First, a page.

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The Magic Cafe Forum Index » » Ever so sleightly » » Johnson Chop Cup Cleaning (0 Likes) Printer Friendly Version

dxsare
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I have a Johnson chop cup I've had for quite a few years. It has a nice deep dull patina as I've never cleaned it. I want to get another chop cup to do a two cup routine. If I buy another new Johnson chop cup, can I clean the old one so it looks like the new one? It doesn't have any dings or dents so I'm not worried about that. What would be the best way to clean it. Or would it be easier to make the new cup match the old one and what's the best way to that?

Thanks,

Stevie D
-Stevie D
Dave V
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It's a shame to lose all that patina that's developed over the years...

If you really want to do this, head to your nearest grocery store and by a tub of Wright's copper polish (used to clean copper bottom pans)It also works on brass, but not quite as quickly.

The patina will wipe away within seconds. It may have a sort of "frosted" appearance after stripping off the patina. You may want to do the same thing to your new cup so they match.
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padre rich
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I would encourage you to give them the same treatment what ever you choose to do. Personally I'd take them both to buffing wheel but not everyone has the equipment to do so . I would use somthing like FLITZ over wright's but that's just my preference. I find that WRIGHT'S give the metal an odd look. But that's just me.
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BCS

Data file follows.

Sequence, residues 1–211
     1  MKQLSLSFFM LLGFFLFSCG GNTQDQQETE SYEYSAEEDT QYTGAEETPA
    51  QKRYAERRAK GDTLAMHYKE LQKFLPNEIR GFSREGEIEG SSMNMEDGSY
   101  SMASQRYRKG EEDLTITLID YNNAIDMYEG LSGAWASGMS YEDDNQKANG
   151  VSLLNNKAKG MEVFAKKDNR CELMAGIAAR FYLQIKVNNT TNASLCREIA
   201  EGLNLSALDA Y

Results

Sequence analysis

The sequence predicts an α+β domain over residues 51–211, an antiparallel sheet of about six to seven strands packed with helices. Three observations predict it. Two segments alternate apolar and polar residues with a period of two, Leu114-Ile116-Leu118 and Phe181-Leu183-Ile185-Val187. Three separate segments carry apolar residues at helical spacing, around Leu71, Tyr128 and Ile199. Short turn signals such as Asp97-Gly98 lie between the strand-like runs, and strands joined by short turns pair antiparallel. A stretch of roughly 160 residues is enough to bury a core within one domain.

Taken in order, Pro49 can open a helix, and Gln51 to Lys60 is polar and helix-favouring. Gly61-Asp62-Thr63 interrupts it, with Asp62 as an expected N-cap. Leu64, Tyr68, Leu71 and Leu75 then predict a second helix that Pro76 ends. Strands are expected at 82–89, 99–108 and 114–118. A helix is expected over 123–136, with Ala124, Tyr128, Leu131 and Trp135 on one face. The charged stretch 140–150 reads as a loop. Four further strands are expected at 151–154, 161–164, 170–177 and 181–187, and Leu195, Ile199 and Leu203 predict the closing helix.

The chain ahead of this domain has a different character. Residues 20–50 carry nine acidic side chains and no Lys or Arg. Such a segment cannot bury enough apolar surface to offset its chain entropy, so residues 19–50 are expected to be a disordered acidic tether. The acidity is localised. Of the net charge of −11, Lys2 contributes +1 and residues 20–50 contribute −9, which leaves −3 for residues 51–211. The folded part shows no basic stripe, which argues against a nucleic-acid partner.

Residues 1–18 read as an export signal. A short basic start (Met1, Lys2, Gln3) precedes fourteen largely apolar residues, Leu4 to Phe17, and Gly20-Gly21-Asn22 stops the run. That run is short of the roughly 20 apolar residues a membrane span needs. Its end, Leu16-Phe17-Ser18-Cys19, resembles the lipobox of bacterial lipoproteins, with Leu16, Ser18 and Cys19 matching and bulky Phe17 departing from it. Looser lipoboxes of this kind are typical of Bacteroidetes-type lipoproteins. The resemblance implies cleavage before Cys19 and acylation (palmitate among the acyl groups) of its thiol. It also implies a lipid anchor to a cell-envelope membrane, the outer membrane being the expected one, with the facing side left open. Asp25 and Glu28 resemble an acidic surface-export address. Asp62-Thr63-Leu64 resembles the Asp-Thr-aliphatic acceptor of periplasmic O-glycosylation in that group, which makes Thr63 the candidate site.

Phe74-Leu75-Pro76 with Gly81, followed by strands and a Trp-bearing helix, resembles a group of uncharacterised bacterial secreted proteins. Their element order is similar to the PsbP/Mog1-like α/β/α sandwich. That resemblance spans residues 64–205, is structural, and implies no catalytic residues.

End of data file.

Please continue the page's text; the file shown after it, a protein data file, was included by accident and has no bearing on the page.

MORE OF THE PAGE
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I agree with Dave… the Wright’s copper polish is the easiest and quickest stuff to use for a quick cleaning… then I follow it up with the FLITZ (thanks Dave for the recommendation years ago).

Using the Wright’s cream first saves some elbow grease than using FLITZ by itself… at least that is what I find.


I use this method all the time on my Johnson Cups, and then I will follow the treatment up with some wax.

Thanks,
Bruce
dxsare
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Good, sounds doable, lol So what kinda of wax is best for shiny cups?
-Stevie D
Dave V
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I use what's called Renaissance Wax but any good carnauba wax will do. What you're basically doing is stopping the patina from progressing once you have it where you want it.
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Donnie Buckley
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Waxes will certainly help preserve a nice finish, or a nice patina, and keep copper and brass from tarnishing for a short while, but the down side to using wax on your cups is that it makes them very slippery. If you just put them on display, then waxing is the way to go, but if you plan on handling them and using them for a routine, you better get a good grip, using your full hand, when you pick one up.